Not by Force

Not by force nor by strength, but by my Spirit, says the Lord of Heaven’s Armies. Zechariah 4:6

How is it that we find victory in this life?

God says the only way is by depending on His Spirit to guide us.

The voice of the world says, “Listen to me. Depend on governments I establish. Be like everyone else. Forget about God. You can see me, experience me, join me. Move over here, and listen to me!”

Pipe down World!

The world sings a convincing song many days, but as children of the Great and Mighty One, we need to turn the volume down on that noise.

Instead, we need to learn God’s song of grace.

We need to sing along with the music of forgiveness; attune our ears to lyrics that bring peace. We need to choose themes that include assurance and conviction and surrender to our King.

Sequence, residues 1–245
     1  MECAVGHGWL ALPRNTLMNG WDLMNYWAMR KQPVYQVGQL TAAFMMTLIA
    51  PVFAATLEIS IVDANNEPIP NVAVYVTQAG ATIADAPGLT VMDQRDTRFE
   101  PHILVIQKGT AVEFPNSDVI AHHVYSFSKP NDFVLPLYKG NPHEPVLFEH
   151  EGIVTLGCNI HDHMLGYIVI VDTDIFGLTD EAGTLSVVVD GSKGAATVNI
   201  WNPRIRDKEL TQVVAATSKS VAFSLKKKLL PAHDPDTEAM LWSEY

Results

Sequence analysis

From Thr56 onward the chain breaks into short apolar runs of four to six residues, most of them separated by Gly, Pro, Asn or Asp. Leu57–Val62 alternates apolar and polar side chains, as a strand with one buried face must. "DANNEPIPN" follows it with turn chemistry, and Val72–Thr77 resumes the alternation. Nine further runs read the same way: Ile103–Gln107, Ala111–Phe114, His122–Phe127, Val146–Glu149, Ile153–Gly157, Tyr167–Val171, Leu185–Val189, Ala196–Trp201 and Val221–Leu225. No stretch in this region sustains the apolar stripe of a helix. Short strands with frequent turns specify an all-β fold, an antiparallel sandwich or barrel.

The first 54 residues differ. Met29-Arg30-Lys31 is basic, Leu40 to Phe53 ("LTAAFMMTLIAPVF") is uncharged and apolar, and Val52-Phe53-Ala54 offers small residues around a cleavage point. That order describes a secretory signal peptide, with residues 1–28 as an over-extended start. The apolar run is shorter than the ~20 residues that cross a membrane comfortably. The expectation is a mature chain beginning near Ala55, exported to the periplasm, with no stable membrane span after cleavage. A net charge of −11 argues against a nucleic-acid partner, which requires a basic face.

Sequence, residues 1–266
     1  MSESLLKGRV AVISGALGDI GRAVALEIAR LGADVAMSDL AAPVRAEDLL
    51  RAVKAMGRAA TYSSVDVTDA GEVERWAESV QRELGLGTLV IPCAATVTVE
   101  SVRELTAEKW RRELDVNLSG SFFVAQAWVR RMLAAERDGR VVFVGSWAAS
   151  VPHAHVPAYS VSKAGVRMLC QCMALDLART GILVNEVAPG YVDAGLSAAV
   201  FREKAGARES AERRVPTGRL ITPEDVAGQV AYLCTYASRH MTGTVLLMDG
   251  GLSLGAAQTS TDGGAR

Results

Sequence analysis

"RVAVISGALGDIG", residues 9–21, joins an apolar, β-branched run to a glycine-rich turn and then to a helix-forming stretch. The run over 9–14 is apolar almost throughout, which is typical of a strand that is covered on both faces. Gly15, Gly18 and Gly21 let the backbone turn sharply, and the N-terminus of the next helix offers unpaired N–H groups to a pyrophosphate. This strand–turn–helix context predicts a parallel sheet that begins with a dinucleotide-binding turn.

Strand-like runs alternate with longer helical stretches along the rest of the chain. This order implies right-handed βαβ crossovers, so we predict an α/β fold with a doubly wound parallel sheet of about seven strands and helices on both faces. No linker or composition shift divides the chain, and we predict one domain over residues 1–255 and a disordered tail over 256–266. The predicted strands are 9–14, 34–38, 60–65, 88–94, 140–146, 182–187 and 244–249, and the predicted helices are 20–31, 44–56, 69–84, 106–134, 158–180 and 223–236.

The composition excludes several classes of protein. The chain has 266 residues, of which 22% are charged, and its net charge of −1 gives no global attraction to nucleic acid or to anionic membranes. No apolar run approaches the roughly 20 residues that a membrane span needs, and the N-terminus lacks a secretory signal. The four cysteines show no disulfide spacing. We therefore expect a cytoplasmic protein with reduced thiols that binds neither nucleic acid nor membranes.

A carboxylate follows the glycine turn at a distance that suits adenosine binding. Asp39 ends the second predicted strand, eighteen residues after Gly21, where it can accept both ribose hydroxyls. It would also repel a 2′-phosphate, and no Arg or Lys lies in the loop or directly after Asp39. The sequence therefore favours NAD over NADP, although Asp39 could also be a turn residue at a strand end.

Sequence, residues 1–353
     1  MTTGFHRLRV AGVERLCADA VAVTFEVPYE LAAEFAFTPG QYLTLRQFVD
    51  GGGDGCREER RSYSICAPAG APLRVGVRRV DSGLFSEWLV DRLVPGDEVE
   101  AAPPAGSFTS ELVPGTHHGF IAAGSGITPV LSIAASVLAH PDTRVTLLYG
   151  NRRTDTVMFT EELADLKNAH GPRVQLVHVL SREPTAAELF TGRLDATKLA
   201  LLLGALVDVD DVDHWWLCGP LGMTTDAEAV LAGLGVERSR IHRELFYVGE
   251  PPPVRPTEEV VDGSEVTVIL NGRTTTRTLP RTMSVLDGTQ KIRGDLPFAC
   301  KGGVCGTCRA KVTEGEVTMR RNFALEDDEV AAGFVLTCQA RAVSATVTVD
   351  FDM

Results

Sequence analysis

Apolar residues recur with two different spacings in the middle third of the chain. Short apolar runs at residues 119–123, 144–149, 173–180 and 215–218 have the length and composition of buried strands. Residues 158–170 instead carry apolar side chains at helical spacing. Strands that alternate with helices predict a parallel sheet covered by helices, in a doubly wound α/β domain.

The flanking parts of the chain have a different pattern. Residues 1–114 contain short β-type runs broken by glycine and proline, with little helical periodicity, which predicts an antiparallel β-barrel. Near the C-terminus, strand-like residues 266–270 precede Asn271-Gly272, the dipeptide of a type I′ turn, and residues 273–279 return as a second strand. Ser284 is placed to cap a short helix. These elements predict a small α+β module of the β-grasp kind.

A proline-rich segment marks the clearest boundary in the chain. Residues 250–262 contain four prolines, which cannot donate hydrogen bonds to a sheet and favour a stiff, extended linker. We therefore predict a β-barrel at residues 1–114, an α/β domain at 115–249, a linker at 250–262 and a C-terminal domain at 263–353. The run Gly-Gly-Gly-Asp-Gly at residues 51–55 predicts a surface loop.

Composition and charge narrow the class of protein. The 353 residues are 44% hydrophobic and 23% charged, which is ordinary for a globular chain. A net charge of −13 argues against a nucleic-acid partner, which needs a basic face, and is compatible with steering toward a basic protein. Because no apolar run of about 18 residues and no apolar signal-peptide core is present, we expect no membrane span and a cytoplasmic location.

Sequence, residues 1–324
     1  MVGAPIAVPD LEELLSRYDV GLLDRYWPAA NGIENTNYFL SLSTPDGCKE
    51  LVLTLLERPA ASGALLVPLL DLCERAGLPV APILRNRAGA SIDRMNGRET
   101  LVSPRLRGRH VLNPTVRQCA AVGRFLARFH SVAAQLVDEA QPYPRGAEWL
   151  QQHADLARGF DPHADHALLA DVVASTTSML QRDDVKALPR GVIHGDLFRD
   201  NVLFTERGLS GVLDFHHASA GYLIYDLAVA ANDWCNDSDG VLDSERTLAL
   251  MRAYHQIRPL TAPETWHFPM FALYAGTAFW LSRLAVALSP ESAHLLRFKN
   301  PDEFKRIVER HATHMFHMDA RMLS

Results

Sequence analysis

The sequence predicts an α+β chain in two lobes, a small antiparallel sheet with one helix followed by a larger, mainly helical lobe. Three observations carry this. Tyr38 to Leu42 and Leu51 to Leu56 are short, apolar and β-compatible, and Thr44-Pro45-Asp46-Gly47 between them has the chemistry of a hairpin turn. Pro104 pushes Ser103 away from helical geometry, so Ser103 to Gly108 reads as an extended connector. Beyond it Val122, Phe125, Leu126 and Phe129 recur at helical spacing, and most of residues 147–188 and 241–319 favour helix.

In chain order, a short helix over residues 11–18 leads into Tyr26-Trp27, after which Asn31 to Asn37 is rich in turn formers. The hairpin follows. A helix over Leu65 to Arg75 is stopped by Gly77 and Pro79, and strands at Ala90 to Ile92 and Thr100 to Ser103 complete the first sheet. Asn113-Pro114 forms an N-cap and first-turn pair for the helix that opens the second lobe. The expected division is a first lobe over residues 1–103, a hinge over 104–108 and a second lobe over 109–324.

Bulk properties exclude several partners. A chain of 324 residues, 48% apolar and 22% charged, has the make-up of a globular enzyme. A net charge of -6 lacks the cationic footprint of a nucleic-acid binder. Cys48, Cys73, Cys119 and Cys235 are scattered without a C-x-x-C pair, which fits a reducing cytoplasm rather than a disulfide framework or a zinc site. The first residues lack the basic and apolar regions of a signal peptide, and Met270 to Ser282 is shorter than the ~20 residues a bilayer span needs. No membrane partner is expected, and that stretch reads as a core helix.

He’s got our back, all the time!

The world says: Push harder, work longer, be more determined.

God says that will never make you a winner.

Winning with God means we’ve followed His plan to the finish line.

Today, let’s ask Papa God to fill us with understanding of His victory song.

Let’s ask Him to confirm His plan for our lives.

Let’s lean on Him to show us the way.

Let’s rest from our worries by putting our lives in His capable hands.

Let’s let “Victory in Jesus” be our all day, all week, all year motto.

When have you found God’s plan to be a better plan than your plan? When has singing a new song made all the difference in your life?

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The Prophet Speaks…